Perhaps no issue is more nerve-wracking today than “same-sex marriage.” It’s a magnet for controversy and evokes strong reactions from those on either side of the debate. But underneath the fiery passion and rhetoric, we must evaluate the real arguments.
Thus, Our Sunday Visitor invited me to write a special section for their newsweekly examining the ten most common arguments for “same-sex marriage.” You’ve likely heard many of these from friends, family members, co-workers, and commenters around the Internet. The arguments I cover include:
- Marriage has evolved throughout history, so it can change again.
- “Same-sex marriage” is primarily about equality.
- Everyone has the right to marry whomever he or she loves.
- “Same-sex marriage” won’t affect you, so what’s the big deal?
- “Same-sex marriage” will not lead to other redefinitions.
- If same-sex couples can’t marry because they can’t reproduce, why can infertile couples marry?
- Children will not be affected since there is no difference between same-sex parents and opposite-sex parents.
- Opposition to same-sex marriage is based on bigotry, homophobia, and religious hatred.
- The struggle for “same-sex marriage” is just like the civil rights movement of the 1960s.
- “Same-sex marriage is inevitable,” so we should “stand on the right side of history.”
It’s important to note that the article concerns civil marriage—marriage as defined and promoted by the state. It doesn’t deal with the Church’s sacramental understanding, although the two often overlap. Second, the responses to the arguments are emphatically nonreligious. They don’t depend on any sacred text or divine revelation. They’re based on reason, philosophy, biology and history. Third, the article only refutes arguments in favor of “same-sex marriage.” It doesn’t touch upon the many positive arguments supporting traditional marriage.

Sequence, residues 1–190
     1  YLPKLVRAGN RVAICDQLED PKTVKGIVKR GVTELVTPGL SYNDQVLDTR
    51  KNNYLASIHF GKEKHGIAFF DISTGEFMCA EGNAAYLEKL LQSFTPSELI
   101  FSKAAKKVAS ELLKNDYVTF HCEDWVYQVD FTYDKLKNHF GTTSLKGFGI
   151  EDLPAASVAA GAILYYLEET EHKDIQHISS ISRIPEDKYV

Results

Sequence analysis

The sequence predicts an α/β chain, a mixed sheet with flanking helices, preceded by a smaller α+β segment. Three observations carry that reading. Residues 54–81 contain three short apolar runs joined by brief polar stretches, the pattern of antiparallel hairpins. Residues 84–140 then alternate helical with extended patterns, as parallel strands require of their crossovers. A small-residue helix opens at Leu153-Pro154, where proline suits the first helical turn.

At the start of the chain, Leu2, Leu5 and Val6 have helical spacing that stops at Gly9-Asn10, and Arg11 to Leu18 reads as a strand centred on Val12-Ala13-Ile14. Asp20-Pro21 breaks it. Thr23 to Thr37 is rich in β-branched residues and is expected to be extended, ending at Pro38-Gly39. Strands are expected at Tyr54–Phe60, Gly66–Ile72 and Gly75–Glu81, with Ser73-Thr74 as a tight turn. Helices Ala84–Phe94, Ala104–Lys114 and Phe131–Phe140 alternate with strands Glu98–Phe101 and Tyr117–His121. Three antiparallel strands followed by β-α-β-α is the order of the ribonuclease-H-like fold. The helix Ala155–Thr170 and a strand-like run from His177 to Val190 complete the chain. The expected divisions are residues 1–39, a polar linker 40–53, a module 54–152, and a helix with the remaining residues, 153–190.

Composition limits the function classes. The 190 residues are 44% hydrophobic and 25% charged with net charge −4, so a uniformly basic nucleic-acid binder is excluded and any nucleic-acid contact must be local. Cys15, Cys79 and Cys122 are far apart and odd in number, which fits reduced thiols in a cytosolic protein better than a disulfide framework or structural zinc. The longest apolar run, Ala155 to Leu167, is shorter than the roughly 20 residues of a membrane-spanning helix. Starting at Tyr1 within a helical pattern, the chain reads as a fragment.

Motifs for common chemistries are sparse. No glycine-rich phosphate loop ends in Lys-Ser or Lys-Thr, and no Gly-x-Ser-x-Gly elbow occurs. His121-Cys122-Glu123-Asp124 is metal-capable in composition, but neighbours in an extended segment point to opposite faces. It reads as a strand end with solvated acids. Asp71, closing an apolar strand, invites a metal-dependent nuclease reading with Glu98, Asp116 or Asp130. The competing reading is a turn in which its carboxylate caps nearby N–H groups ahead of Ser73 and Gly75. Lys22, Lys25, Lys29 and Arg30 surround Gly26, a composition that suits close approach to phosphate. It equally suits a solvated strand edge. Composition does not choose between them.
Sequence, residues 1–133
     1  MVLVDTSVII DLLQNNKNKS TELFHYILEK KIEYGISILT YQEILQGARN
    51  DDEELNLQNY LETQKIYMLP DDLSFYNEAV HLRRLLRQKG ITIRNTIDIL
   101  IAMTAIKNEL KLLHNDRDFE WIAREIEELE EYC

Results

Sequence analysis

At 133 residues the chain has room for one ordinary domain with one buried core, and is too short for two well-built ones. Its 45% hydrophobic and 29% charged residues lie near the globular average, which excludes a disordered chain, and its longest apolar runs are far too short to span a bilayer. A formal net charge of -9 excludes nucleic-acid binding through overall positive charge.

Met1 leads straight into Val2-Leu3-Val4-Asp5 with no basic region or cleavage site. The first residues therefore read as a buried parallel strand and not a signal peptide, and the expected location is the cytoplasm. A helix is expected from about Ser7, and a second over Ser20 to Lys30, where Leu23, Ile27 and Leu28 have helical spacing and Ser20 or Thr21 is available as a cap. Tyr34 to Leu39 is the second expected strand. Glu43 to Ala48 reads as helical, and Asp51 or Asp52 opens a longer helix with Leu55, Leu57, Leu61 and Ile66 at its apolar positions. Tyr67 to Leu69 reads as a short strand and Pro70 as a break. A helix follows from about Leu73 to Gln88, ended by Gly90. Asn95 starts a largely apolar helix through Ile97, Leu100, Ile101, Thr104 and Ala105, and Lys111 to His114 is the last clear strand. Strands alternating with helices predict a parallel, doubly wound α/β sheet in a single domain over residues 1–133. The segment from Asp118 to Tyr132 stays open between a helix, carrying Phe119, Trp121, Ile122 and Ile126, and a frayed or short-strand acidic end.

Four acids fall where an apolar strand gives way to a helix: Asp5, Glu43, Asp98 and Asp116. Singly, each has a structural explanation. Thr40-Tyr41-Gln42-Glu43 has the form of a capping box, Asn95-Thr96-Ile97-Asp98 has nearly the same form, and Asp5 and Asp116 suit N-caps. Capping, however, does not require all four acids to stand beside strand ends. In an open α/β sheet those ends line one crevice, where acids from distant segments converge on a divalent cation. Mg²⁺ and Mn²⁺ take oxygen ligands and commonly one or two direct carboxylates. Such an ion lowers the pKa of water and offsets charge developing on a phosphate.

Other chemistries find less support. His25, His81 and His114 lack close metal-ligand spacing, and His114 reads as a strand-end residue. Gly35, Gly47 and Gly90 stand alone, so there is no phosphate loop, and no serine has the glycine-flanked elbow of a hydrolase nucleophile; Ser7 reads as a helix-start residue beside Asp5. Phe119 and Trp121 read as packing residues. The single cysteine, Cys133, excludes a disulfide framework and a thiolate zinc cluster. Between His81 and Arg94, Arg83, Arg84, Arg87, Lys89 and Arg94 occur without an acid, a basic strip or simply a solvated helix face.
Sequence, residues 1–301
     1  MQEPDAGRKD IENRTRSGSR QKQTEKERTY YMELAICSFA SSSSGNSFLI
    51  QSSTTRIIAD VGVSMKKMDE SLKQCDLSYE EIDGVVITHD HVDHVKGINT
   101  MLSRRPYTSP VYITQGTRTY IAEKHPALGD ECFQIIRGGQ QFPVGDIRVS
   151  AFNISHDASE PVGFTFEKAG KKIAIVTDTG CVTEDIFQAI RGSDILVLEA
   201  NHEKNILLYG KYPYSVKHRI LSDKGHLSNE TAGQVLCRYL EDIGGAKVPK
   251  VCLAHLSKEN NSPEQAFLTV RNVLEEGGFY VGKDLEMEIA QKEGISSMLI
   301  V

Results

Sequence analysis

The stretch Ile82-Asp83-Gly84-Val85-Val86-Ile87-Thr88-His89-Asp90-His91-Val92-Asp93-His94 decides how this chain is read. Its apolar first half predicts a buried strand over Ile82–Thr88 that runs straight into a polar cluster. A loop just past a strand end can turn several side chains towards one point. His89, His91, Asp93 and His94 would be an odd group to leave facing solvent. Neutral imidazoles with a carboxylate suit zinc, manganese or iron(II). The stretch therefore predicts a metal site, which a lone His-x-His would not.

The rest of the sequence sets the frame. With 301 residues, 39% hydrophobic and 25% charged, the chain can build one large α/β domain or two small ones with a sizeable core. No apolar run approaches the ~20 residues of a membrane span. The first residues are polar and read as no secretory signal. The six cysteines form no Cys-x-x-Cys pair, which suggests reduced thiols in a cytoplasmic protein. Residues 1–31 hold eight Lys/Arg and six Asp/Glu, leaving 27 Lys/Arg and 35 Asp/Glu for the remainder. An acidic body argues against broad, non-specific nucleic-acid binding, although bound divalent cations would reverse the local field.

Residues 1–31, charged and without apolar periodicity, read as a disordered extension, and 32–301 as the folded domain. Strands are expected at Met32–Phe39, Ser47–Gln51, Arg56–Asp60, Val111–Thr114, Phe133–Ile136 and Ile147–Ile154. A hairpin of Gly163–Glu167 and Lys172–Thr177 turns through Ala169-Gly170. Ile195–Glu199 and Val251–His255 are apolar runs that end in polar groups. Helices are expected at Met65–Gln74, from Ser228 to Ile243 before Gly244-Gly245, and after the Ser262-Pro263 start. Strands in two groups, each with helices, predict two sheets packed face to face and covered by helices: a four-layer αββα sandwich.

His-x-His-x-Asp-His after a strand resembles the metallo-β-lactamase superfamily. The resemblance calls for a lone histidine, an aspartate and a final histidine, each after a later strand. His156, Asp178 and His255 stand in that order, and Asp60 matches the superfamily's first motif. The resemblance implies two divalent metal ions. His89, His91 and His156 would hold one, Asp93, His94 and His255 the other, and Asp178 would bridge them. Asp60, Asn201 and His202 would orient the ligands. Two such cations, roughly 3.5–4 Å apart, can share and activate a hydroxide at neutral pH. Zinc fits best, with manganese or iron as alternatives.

Also, the article is not an attack on people with same-sex attractions. All people, regardless of sexual orientation, deserve to be treated with dignity and respect. Instead, the article is a rational look at whether we should redefine civil marriage, an institution that touches all people and cultures.
In addition to the piece above, I also contributed an introductory article for the newsweekly and an interview with Princeton professor Robert George. Check them out below:
In this I explain how Chick-Fil-A and Facebook led me to write about such a volatile subject:
If you simply accept marriage today as between one man and one woman, or disagree with the idea of “same-sex marriage” even for legitimate reasons, you’re unequivocally branded a hateful bigot. This emotionally charged atmosphere makes rational discussion nearly impossible. Political slogans, sound-bites, tribal divisions, and name-calling drown out real arguments and leave little room for charity and clear-thinking….
More than ever Catholics need simple, rational, non-religious reasons to reinforce their arguments against “same-sex marriage.”
Robert George is one of my great intellectual heroes so I was excited to talk with him about marriage. George is a visiting professor at Harvard Law School and professor of jurisprudence at Princeton University.
He’s also an expert on marital law and a strong advocate of traditional marriage. Along with Sherif Girgis and Ryan T. Anderson, George co-authored a new book titled, What Is Marriage? Man and Woman: A Defense (Encounter Books, paperback, ). It’s based on their renowned academic paper on the same topic that appeared in the Harvard Journal of Law and Public Policy.
Professor George and I spoke about the book, his work, and the main arguments surrounding same-sex marriage.
In a sidebar for the main article I also recommend three helpful books on the topic of “same-sex marriage”:
- Getting the Marriage Conversation Right: A Guide for Effective Dialogue by William May (Emmaus Road, 2012)
- One Man, One Woman: A Catholic’s Guide to Defending Marriage by Dale O’Leary (Sophia Institute Press, 2012)
- What Is Marriage? Man and Woman: A Defense by Robert George, Ryan T. Anderson, Sherif Girgis (Encounter, 2007)
What are the most common arguments you’ve heard for “same-sex marriage”?